I'm going to 100% agree with you on this one, a HardTail with a STA steeper than 74* static is not a pleasant all day bike unless you only ride in the mountains and go up and down, on long pedally days with a good mix of flat, rolling, mild climbing etc, no bueno.
[EDITED to ADD] I love my rigid Kona Unit, it's such a fun bike, always makes me smile, even if after the ride I'm more achy than if I was on my FS and rode slower, always, always fun and more capable than most would expect.
Also, own a '08 Monkey, Banshee Paradox and those super short rear ends just aren't for me, have always used/run the 10mm Monkey Nuts to keep the stays about 17.1", run the Unit with the stays slammed all the way back to fit 29x3" rubber in there, barely, but actually leave it there when running 29x2.6" as well, although 5mm shorter wouldn't hurt, makes mud clearance actually a thing.
Hey Al, while most would get the tongue in cheek/satire of this piece, it may be wise to add a small disclaimer at the end stating that this is in fact the opposite of how we should act and what we should do, just in case a n00b reads it and isn't that "enlightened" to know better :-\
I've used the method before, especially when I was new to hydraulics brakes, just like you do with a car, basically. Here's a YouTube video by Marshy, the Santa Cruz Syndicate mechanic demonstrating it. As to the cheat method, all you do is simply pump the lever with the wheel/rotor removed and let the pistons move in slightly, then re-install like that to make the lever throw to contact much less - you also make the space between pads and rotors much less as well, so if you bend/warp your rotor, it will rub much easier.
Actually you're wrong there, it absolutely does have an effect on the bleed and especially the amount of fluid in the reservoir. If you want proof, just do a quick funnel bleed and leave the screw wound all the way in, then once you're done, wind it all the way out and watch the fluid level drop.
I'll admit right off the bat that I'm a Shimano "fan boi", there performance to cost ratio is the best and their ergonomics are, IMHO, much better than SRAM for shifters. Run Shimano on all my bikes, Deore, SLX and XT and have always been happy with the power they provide for the $ they cost and the ease of bleeding, but hopefully they've at least sorted the occasional, wondering bite point of previous generations that can be a little annoying if you don't keep it in mind on long descents without brakes and bumps/jumps.
That being said, at the current pricing for the new Shimano 4 piston options, I'd rather spend my money on something deserving of that sort of price, like a nice set of Hopes.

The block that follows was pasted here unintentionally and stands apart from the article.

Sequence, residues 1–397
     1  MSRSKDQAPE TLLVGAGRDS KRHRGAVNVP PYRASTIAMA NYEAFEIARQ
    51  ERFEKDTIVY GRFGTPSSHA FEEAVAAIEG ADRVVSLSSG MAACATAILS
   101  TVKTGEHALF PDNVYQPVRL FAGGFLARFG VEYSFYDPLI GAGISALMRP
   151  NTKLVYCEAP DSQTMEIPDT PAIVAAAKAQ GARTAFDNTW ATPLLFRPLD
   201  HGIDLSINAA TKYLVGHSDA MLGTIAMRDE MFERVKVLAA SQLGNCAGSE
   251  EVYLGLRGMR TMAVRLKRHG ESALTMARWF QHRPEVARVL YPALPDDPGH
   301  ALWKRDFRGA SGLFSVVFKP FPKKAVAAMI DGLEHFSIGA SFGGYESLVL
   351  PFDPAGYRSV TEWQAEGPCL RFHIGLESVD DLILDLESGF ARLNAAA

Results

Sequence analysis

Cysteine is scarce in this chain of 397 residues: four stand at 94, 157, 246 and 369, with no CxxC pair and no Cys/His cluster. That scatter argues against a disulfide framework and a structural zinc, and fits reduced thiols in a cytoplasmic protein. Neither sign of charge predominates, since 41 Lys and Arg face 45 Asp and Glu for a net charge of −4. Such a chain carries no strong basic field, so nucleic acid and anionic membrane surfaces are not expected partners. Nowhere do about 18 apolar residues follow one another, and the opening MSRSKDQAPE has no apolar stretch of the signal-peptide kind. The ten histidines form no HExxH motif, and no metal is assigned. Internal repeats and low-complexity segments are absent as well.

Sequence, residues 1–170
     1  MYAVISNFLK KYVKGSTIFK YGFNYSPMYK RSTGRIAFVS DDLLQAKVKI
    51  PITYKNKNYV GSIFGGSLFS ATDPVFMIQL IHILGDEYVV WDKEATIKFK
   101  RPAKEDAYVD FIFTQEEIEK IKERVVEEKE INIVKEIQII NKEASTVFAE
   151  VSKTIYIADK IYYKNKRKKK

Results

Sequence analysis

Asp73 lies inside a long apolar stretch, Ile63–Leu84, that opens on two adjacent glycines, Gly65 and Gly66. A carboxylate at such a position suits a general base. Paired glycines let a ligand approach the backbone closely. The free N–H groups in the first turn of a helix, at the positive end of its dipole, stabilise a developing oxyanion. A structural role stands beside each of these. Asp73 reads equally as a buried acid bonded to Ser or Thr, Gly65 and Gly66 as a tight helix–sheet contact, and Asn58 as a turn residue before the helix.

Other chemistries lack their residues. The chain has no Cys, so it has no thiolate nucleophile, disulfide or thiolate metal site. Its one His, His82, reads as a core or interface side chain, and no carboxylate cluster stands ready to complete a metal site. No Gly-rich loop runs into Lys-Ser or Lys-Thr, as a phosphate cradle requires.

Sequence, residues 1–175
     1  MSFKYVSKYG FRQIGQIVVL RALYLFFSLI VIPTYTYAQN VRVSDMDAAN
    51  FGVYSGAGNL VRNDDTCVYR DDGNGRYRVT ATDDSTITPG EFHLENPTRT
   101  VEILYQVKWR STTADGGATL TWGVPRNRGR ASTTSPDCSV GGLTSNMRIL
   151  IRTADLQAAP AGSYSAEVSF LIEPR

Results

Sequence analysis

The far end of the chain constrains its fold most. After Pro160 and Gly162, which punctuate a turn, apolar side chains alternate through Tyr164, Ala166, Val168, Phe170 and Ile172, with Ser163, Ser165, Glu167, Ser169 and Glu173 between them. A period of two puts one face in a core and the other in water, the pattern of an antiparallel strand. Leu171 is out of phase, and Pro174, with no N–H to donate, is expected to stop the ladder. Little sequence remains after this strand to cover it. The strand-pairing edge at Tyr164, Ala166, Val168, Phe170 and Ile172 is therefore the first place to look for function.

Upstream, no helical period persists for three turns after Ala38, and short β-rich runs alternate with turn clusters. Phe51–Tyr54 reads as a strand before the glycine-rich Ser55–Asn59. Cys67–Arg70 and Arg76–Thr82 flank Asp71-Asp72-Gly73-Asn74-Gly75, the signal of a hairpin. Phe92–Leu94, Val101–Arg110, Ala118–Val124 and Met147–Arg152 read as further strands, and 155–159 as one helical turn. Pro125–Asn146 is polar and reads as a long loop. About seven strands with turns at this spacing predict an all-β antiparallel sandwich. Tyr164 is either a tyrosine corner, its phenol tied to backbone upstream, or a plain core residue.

Good review Al and exactly what I figured after my experience with the 10 and 11spd versions. I also really like that multi-release function, something you could hack in the last iteration of the 9spd shifters, but not 10spd, however in the 11spd lineup, I sacrificed it to get MUCH lighter shifting with the SLX over XT, so glad that they've fixed that issue.
Another thing you didn't mention is that while there's a 80g weight penalty on the SLX over GX, you also only pay 1/2 the cost for one, so that coupled with much crisper shifting is an absolute no brainer to me. It's no wonder with the quality of Shimano's lower end parts like Deore that this year OEM has flocked to them for a cheaper cost, but better performance metric.
Not quite sure if I understand Andrew correctly, but on mine, I run mine rolled forward (so center mark is down of center) by about 5mm so I get more upsweep to the bar and have found that very comfortable on my rigid Kona Unit. I initially tried them how SQLab suggest and did not like that one bit, a bit of fidling and getting some more upsweep was the ticket for me.
For me the 16 is it, no issues descending once, as Andrew said you ge through that small learning curve to get accustomed to the bit different feel. I tried a 12 degree Salsa bar and compared to my 9 degree, it really did not make much of a difference, actually felt about the same, the SQ Lab 16 was a whole nother story. Only problem you'll find is that if you own multiple bikes, once you've spent enough time on the 16* bar, you'll want one on all the other bikes, so can get expensive :-D